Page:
Abstract

As campus speech codes enjoy a renaissance surrounding microaggressions and trigger warnings, understanding how and whether such speech codes can stand up to constitutional scrutiny is crucial. This project offers a historical overview of the evolution of free speech in U.S. history, with a particular focus on the jurisprudential history of hate speech and the “first wave” of litigation surrounding campus speech codes in the 1980s and ’90s. I use two theoretical frameworks, liberalism and communitarianism, to analyze the judiciary’s response to speech codes and to understand whether that response aligns with either framework. Lastly, I offer three proposals for future consideration of speech codes in the courts, with an emphasis on current speech controversies. My primary research question is this: Have the judiciary’s decisions regarding campus speech codes been more similar to a liberal or a communitarian conception of speech, and should a new approach be considered as colleges move into a new era of speech regulations?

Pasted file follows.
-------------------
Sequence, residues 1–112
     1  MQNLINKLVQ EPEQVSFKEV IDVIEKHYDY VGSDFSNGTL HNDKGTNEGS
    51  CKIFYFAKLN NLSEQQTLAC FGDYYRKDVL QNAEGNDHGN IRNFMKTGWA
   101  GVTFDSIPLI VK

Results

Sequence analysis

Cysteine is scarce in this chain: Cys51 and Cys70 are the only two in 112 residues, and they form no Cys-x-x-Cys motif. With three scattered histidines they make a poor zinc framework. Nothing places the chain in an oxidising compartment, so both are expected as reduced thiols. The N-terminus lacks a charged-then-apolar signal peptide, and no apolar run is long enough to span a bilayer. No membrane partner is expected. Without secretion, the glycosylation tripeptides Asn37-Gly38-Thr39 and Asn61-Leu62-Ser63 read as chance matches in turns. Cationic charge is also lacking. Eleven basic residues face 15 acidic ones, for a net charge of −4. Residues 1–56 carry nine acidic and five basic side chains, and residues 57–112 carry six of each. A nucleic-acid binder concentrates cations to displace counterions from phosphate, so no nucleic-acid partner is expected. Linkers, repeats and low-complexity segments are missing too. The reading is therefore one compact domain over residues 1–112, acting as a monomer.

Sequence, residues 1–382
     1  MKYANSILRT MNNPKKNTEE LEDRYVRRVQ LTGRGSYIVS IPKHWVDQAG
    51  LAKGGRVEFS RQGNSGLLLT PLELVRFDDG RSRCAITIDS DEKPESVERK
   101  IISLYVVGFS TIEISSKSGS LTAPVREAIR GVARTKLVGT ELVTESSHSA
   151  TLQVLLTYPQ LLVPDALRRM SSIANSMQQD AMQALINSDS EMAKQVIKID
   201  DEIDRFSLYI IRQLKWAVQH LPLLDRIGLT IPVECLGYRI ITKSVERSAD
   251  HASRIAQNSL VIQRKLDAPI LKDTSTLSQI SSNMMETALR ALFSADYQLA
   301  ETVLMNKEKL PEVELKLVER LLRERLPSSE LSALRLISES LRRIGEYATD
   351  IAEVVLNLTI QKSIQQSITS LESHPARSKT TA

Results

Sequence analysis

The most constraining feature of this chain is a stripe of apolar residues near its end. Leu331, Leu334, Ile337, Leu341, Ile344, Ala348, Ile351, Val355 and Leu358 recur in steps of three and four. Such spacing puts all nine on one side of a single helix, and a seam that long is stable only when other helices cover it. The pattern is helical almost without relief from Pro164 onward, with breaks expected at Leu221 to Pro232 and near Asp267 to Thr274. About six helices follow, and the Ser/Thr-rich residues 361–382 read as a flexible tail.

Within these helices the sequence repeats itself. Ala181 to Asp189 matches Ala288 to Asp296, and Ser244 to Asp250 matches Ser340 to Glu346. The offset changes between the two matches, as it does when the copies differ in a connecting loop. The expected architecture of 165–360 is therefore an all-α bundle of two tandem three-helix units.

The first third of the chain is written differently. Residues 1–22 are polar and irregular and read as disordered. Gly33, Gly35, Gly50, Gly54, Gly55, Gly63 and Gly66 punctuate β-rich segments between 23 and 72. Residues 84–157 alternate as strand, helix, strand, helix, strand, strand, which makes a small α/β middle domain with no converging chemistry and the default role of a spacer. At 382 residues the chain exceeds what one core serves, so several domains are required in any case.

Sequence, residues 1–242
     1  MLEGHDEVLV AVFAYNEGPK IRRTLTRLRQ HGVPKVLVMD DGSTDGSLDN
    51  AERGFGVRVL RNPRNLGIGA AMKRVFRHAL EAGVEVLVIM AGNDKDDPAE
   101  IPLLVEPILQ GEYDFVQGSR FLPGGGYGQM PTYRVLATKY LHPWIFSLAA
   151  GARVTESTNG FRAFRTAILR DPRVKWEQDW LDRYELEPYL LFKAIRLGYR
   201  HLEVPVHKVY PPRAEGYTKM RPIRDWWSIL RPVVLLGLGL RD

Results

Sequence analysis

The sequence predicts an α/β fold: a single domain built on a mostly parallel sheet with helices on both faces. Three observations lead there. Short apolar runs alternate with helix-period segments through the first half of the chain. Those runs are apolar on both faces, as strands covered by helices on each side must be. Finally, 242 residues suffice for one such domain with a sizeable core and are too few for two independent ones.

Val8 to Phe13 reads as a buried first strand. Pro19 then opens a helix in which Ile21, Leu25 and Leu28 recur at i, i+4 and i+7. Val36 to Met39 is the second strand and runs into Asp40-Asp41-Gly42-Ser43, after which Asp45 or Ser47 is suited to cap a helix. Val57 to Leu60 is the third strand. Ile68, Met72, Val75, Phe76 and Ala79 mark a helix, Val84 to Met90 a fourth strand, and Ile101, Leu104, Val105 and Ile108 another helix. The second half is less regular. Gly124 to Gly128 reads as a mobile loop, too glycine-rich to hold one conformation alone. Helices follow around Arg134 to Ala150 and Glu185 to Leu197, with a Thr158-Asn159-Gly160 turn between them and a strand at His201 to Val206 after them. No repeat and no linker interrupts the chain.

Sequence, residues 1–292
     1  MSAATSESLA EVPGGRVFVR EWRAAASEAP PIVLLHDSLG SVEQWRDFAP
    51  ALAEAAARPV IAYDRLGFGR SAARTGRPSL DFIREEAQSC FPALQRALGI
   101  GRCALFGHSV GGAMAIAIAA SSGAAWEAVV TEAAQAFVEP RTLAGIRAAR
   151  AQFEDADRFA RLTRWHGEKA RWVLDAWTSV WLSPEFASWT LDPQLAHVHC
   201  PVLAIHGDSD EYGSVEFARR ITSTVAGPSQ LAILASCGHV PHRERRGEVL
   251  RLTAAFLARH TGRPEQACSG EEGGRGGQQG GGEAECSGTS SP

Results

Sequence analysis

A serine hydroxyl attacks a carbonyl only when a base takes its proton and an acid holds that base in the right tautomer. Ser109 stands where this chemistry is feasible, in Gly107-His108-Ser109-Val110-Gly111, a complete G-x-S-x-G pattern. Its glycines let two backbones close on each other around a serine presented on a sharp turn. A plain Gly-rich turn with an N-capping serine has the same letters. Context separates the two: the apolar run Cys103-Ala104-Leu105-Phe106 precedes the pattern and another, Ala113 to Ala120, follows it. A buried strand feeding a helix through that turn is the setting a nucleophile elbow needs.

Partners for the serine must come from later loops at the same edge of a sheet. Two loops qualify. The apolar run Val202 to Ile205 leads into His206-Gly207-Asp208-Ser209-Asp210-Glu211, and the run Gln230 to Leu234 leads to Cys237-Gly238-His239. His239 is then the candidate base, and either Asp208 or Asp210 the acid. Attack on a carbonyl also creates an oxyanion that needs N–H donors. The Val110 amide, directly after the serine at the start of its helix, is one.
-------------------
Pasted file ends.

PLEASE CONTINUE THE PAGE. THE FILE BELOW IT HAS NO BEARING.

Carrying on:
Advisor

Weaver, Mark

Second Advisor

Moskowitz, Eric

Department

Political Science

Disciplines

Constitutional Law

Publication Date

2016

Degree Granted

Bachelor of Arts

Document Type

Senior Independent Study Thesis

Share

COinS
 

© Copyright 2016 Madeleine G. O'Neill